Horror-Wood Blog-a-Thon: Re-Animator
Re-Animator is a movie I so desperately want to like and recommend. There is no other movie I can think of that is a twisted take on the Frankenstein myth with such a devoted fan base. For the small budget of $900,000, it was a hit grossing over $2 million and was respected by critics like Roger Ebert and Janet Maslin of the New York Times. Being one who is big on horror from the 1980s, the premise alone sounds like something I really should enjoy. A man makes a serum that can bring things back to life but the living corpse does more damage than possible. Already that is a hint of interest so why in the end did I find myself not liking this movie?
Jeffrey Combs plays the lead scientists that creates the serum named Herbert West and as always, Combs is going to be good in any role he is in. I remember him playing the FBI agent in Peter Jackson’s The Frighteners and loving just how over the top/crazy he got. Here, he uses that manic energy but there is something very disliking to the character. Herbert is so bent on his formula that he comes off as naive of his work or just too obsessed. He rents a room with a couple and all he cares about his work while treating them like pure trash. Maybe I’m used to the traditional Frankenstein stories but there’s something very unwelcoming here. I can understand the demented insanity over making this serum but just how insane do you have to be? Hell, he doesn’t even question morale values when he tests it on their cat he kills. Yeah, he kills their pet cat and uses the formula as a test subject. What a generous house guest he turns out to be.
The rest of movie is very hit and miss for me. Bruce Abbott is Dan Cain, the owner of the house Herbert stays at and he seems more like a doormat than someone to root for. Granted, he does participate in Herbert’s experiments and reluctantly assists like a basic Igor with personality. But I don’t remember him doing much outside of assisting the experiments. I kept thinking if this crazy man was raising this form of hell around my house, I would have kicked him out in a heartbeat. And of course, his wife played by Barbara Crampton only serves to be the damsel in distress for later on but again, that’s really I remember about these side characters. They only appear to be plot elements and outside of that barley do anything I remember them which resembles an importance outside of being crucial to the story.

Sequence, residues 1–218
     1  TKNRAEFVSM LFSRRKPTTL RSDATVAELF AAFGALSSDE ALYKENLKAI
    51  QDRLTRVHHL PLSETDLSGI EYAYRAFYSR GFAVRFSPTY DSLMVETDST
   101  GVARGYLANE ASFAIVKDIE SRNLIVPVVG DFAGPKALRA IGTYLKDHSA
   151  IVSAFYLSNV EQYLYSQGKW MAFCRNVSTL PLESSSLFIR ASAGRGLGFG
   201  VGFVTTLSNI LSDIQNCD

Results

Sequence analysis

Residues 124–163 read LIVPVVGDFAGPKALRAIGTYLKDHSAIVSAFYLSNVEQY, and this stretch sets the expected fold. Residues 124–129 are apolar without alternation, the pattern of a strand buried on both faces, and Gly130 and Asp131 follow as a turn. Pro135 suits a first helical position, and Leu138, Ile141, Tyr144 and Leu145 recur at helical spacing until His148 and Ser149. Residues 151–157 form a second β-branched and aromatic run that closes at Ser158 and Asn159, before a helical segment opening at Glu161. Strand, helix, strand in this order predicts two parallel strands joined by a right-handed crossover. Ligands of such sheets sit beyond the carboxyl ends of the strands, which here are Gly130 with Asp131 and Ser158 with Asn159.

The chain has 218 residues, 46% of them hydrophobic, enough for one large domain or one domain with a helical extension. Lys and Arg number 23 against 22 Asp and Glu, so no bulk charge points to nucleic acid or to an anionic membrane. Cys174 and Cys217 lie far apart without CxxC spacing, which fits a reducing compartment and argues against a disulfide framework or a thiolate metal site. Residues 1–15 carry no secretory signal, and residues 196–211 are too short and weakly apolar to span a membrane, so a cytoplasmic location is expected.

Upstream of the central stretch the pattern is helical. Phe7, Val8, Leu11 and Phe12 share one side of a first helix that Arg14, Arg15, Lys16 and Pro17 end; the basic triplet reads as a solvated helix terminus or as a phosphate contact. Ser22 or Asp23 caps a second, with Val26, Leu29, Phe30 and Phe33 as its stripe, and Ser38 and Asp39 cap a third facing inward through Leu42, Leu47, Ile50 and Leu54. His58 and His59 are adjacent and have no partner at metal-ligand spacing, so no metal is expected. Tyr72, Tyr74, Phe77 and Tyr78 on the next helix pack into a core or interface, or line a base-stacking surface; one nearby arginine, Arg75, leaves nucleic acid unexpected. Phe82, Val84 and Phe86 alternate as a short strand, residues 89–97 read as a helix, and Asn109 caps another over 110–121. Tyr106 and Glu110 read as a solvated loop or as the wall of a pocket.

David Gale does have a chilling performance as a rival doctor named Carl Hill who is aware of Herbert’s experiments and tries to use the formula to his advantage. But he only serves to be a small conflict for later on when Herbert kills him and then injects his dead body with the serum. Why? Does Herbert realizes this is his enemy and bringing him back to life will cause more problems? There is a fine line between insanity and stupid. And this is sort of a problem I have with this film. Most of the characters only exist to be cogs in the story. Outside of maybe an interesting quirk or two, there’s nothing really that interesting about them.
Re-Animator came out around the same time as horror movies like Day of the Dead and Fright Night. And those two movies were able to take cliches and tropes while doing something interesting and unique. Romero’s zombie epic was a dark commentary on the zombification of humanity and Fright Night was a fun tongue-in-cheek flick about the vampires mythos. Re-Animator does have an interesting concept but the story and characters just didn’t come to life for me. The only thing I do remember being unique was the special effects. Gory as they are, director Stuart Gordan really paid attention to detail in things like talking severed heads and how a rotted corpse should look. The special effects are unique considering the low budget and succeed in giving a believable quality. But even that gives the movie sort of an uncomfortable tone to me.
I know I shouldn’t let reality get in the way, but you reading a review of someone who will vomit at the sight of seeing someone’s insides or an autopsy. For something like a zombie movie, I’m fine seeing corpses walk about with organs hanging out. But when its done in a medical manner that is when it gets under my skin a bit. Maybe my personal preferences got in the way but even without that, Re-Animator still didn’t do anything for me. The characters are too crazy or dull, the special effects are good but perhaps too good and there is sort of this cold feeling I get whenever I think about the walking bodies and moving parts in the movie. But to its credit, it does salvage itself near the end with a finale that I won’t run for newcomers but then it ends on a open hook so large that it sort of left me feeling disappointed. Again, without spoiling the ending, I sort of felt like nothing was wrapped up or left open too much for a sequel. But at the end of the day, there is nothing I can do to adjust my feelings that much. Part of me is curious to re-watch this and see if my feelings are the same but every time I keep thinking about Re-Animator, I just keep going back to the flaws that just flat-out annoyed and bothered me. Maybe you will find some enjoyment in this and I can see why. But honestly, I’d rather stick with the classic Frankenstein films thank you very much.
Posted on October 29, 2015, in Horror-Wood 2015 and tagged Bruce Abbott, corpse, David Gale, Frankenstein, Horror, Horror-Wood, Horror-Wood Blog-a-Thon, Jeffrey Combs, Re-Animator, Stuart Gordon, zombie. Bookmark the permalink. Leave a comment.